Using game cameras to do science is pretty awesome. You put out a camera on a tree or a post, turn the camera on, and then sit back and wait for the sweet, sweet data to come rolling in. Of course, you don’t want to wait right at the camera. It’s best to give them a little space while they do their thing.
But game cameras have one huge drawback. You could be having a bear party right behind the camera, tons of bears with blueberries and beer and a band, the works, but if they don’t end up in front of the camera, you will never know about that bear bash.
Luckily, scientists have come up with a way to figure out the likelihood that we will actually see a bear (or bobcat or coyote) on camera if it’s in the area. This likelihood is called the “detection probability”. And because our methods aren’t perfect, we always assume that we miss some animals (or that detection probability is less then 1).
Here’s some raw data fresh from the camera to illustrate this phenomenon (from Rothrock and Bald Eagle state forests).
With the raw data, bears were seen at 64% of the camera sites and deer were basically seen at every site. Coyotes and bobcats were a little harder to get pictures of with detections at 36% and 33% of the camera sites, respectively. As for fawns? They were close to the middle with 44% of the camera sites yielding at least one fawn picture.
But what about those sneaky bobcats and those bear parties that happen just out of the game camera’s sight? This is where the detection probability comes into play. I put these data into one of my occupancy models and ended up with this graph.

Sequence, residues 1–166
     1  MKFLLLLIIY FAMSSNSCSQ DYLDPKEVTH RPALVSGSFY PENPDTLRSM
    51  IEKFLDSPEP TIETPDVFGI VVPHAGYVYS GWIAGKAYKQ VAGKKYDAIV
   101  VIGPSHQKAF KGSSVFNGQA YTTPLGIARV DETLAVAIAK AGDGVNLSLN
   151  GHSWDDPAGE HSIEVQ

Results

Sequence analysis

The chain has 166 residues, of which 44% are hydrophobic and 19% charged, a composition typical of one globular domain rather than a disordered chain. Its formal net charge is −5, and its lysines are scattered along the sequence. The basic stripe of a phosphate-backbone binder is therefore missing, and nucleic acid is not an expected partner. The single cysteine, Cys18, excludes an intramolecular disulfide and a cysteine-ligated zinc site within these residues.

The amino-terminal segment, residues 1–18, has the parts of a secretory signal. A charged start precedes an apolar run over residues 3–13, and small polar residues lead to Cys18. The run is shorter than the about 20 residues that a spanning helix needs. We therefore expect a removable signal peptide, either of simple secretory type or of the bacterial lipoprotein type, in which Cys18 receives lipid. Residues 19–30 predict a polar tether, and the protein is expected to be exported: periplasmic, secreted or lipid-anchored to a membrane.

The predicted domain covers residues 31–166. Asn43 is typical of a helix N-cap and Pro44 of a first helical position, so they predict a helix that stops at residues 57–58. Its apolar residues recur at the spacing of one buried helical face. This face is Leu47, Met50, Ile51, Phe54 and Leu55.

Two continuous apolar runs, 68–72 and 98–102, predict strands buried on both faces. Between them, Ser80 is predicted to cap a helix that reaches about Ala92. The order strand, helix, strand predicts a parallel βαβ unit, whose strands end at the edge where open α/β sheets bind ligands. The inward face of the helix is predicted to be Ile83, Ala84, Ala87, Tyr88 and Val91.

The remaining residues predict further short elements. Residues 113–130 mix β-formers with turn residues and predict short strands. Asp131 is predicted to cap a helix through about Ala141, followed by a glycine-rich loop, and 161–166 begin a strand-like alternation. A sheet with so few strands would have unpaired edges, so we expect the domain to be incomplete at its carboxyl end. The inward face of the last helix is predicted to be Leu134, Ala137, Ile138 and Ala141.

Looks a little different, doesn’t it? Different colors, error bars which tell us how precise the estimate is, and some of the bars seem to have gotten taller. How does this work, you ask?
Black bears and fawns stayed around their original estimate (64% and 48%) suggesting that if there were any black bears or fawns out and about, we’d get a picture of them. However, coyotes and bobcats changed drastically. Coyotes jumped up to 42% suggesting that at 8% of the camera sites, coyotes were there but were camera shy. And bobcats, those guys are slick! Bobcats went from 33% of the camera sites to 60%, a 27-point jump!
These models help us understand what the cameras don’t see.
Let’s wrap up with these cool maps. These are the camera sites that we surveyed in Rothrock in 2016 and 2017. If you look closely, you can see that there are some differences in where species were detected.
Bears were largely seen within the state forest (where the grid cells are), although some were detected on private land.
We didn’t see coyotes at a lot of the sites in Rothrock, but when we did, they tended to be on the edges of the forest/grid cells.
Bobcats were kind of all over the place, but largely within the state forest with some hotspots in the north.
And as for fawns, they seem to have almost the opposite pattern compared to all the carnivores. A few sites in Rothrock, but sticking mostly to the edges with a lot of detections on private land.
So the parties are happening in different locales for each. Invitations must be hard to get.
Ph.D. graduate student
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